CLASS WORK 6
• Draw up Andrew’s Trading and Profit and Loss account for the month ending 30th Sept 2015 for the
trial balance below
• $
• Purchases 2,600
• Purchases returns 60
• Stock- 1 Sept 2015 1,900
• Sales 7,700
• Sales returns 100
• Wages 1,720
• Electricity and water 85
• Telephone 50
• Advertising 155
• Cash 50
• General expenses 115
• Repairs & maintenance-vehicle 230
• Discounts received 15
• Stock -30 Sept 2015 1,250
CLASS WORK 7
XYZ TRIAL BALANCE AS AT 31 December 1993
• DR CR
• $ $
• Sales 106,5 00
• Purchases 99,850
• Premises at cost 75,000
• Plant at cost 15,700
• Wages and salaries 8,900
• Rent and rates 7,500
• Stock at 1 January 1993 5,000
• Capital at 1 January 1993 45,000
• Carriage inwards 4,000
• Debtors 27,500
• Creditors 16,000
• Bad debt written off 5,000
• Rent receivable 2,000
• Bank balance 18,950
• Mortgage 60,000
• 248,450 248,450
• Prepare profit and loss account and balance sheet
• Note: closing stock of $8 500 as at 31 December 1993
DUBE’s trial balance
Mr Dube
Trial balance for the month ending 31 December 2000
DR CR
$ $
Capital, 1 January 1999 20,000
Cash in hand 1,000
Cash at bank 5,000
Motor vehicle 15,000
Debtors 4 ,500
Creditors 6,600
Sales 35,500
Purchases 23, 550
Wages 1,550
Drawings 1,250
Rent and rates 2,30 0
Interest on cash at bank 550
Stock, 1 January 2000 4,500
Insurance 1,2 20
Fuel Expenses 1,68 0
Advertising 1, 100
62,650 62,650
The closing stock is valued at $8,500
DUBE’S FINANCIAL STATEMENTS

• Prepare only the Trading and profit and loss


Account for the year ended 31 December
2000 for Mr Dube’s trial balance given above
DUBE’S FINANCIAL STATEMENTS

• Prepare a balance sheet as at the date from


Mr Dube’s trial balance given above
DUBE’S P&L ACCOUNT
• Mr Dube
• Trading and Profit and Loss Account for the year ended 31 Dec 2000
• Amount ($) Amount ($)
• Sales 35,000
• Opening stock 4,500
• Add: Purchases 23,550
• 28,050
• Less: Closing stock 8,500
• 19.500
• Gross Profit 15,950
• Interest recieved 550
• Less: Operating Expenses
• Advertising 1,100
• Feul 1,680
• Insurance 1,220
• Rent and rates 2,300
• Wages 1,550
• 7.850
• Net Profit 8,650
DUBE’S BALANCE SHEET
• Mr Dube
• Balance Sheet as at 31 Dec 2000
• Amount($) Amount ($)
• Capital employed
• Capital 20,000
• Less: Drawings 1,250
• 18,750
• Net Profit 8,650
• 27,400
• Represented by:
• Fixed Assets
• Motor Vehicle 15,000
• Current Assets
• Stock 8,500
• Debtors 4,500
• Cash at hand 1,000
• Cash at BANK 5,000
• 19,000
• Current Liabilities
• Creditors 6,600
• Net Current Assets 12,400
• 27,400
MIRIAM’S TRIAL BALANCE
• Miriam has for several years traded as a supplier of office stationery. Her trial balance as at 31 December 2012 was as follows:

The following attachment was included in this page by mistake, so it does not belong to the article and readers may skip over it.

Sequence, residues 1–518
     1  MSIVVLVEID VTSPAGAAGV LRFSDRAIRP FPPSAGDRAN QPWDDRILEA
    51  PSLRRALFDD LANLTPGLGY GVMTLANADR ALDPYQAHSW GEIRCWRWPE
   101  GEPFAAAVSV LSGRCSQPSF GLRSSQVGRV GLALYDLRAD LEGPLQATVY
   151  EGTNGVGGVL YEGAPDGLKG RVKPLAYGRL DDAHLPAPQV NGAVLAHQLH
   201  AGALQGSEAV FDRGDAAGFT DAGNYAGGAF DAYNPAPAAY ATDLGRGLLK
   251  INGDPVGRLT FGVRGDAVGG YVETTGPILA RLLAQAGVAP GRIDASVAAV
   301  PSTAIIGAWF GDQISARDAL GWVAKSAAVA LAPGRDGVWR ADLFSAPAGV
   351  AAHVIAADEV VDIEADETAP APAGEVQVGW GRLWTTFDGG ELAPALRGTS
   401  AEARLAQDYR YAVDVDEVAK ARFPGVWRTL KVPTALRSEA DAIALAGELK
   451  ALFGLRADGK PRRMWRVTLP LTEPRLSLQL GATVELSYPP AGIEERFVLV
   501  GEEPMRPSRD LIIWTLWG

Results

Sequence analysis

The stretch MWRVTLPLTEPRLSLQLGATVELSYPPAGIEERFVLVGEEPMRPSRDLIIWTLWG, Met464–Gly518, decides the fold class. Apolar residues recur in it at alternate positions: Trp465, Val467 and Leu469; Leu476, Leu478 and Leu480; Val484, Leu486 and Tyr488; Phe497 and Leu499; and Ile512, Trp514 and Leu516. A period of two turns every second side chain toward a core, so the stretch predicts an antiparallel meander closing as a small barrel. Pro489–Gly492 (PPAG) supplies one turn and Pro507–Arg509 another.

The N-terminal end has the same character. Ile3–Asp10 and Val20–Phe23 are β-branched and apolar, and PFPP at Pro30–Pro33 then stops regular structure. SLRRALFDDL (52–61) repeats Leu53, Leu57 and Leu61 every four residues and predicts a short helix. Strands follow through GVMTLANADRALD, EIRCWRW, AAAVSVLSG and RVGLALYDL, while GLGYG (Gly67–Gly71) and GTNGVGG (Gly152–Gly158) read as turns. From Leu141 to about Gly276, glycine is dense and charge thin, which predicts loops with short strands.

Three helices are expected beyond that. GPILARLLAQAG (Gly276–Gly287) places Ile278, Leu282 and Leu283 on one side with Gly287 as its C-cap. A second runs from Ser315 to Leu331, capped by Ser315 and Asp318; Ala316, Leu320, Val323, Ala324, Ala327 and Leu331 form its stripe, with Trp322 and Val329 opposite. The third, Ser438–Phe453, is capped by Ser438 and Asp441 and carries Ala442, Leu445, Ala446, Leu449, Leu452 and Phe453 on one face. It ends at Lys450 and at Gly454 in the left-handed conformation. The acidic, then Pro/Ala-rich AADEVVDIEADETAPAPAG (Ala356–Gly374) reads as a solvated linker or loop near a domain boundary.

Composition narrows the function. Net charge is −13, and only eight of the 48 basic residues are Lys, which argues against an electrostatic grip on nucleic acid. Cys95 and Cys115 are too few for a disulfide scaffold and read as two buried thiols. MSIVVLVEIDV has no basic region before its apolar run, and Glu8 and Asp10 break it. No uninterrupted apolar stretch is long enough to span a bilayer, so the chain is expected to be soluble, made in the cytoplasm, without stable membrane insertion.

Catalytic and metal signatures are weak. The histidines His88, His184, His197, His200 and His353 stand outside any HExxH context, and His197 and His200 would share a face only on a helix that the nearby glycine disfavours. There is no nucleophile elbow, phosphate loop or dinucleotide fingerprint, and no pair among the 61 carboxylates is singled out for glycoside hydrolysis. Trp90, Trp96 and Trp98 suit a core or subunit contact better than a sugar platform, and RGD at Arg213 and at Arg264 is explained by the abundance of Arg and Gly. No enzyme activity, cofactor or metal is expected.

• Miriam trial balance as at 31 December 2012
• Debit Credit
• $ $
• Motor vehicle 12,500
• Trade receivables 5,250
• Bank overdraft 1,200
• Inventory at 1st Jan 2012 4,800
• Sales 56,500
• Purchases 22,500
• Wages 12,000
• Office expenses 5,500
• Light & heat 1,800
• Sundry expenses 1,850
• Capital account at 1st Jan 2012 20,500
• Drawings 12,000
• 78,200 78,200
• Closing inventories at 31 Dec 2012 were valued at $5,200
• Required
• Prepare the income statement for the year ended 31 Dec 2012

• Prepare a balance sheet as at the date from Mirriam’s trial balance given above
MIRIAM’S P&L ACCOUNT
• Income statement for year ended 31 Dec 2012
• $ $
• Sales 56,500
• Less cost of sales
• Opening inventory 4,800
• Purchases 22,500
• 27,300
• Less closing inventory 5,200
• 22,100
• Gross profit 34,400
• Less expenses
• Wages 12,000
• Office expenses 5,500
• Light & heat 1,800
• Sundry expenses 1,850
• 21,150
• Net profit 13,250


MIRIAM’S BALANCE SHEET
• Mirriam
• Balance Sheet as at 31 Dec 2012
• Amount($) Amount ($)
• Capital employed
• Capital 20,500
• Less: Drawings 12,000
• 8,500
• Net Profit 13.250
• 21,750
• Represented by:
• Fixed Assets
• Motor Vehicle 12,500
• Current Assets
• Trade receivables 5.250
• Stock 5,200
• 10,450
• Current Liabilities
• Bank overdraft 1,200
• Net Current Assets 9,250
• 21,750
THE BALANCE SHEET
• The balance sheet is a listing of an entity’s
assets, liabilities, and owners equity at a point
in time . It is a snap shoot of the organisations
financial position, frozen at a specific point in
time. It represents a snap shoot of an entity’s
financing and investing activities at that
specific point in time. The snap shoot is
normally taken on the last day of an entity’s
accounting period.
THE BALANCE SHEET
• Represent information about the financial
position of an entity in terms of its economic
resources, capital structure , liquidity, solvency
and its ability to adopt to changes in its
environment.
• Assets arise from investing activities. They are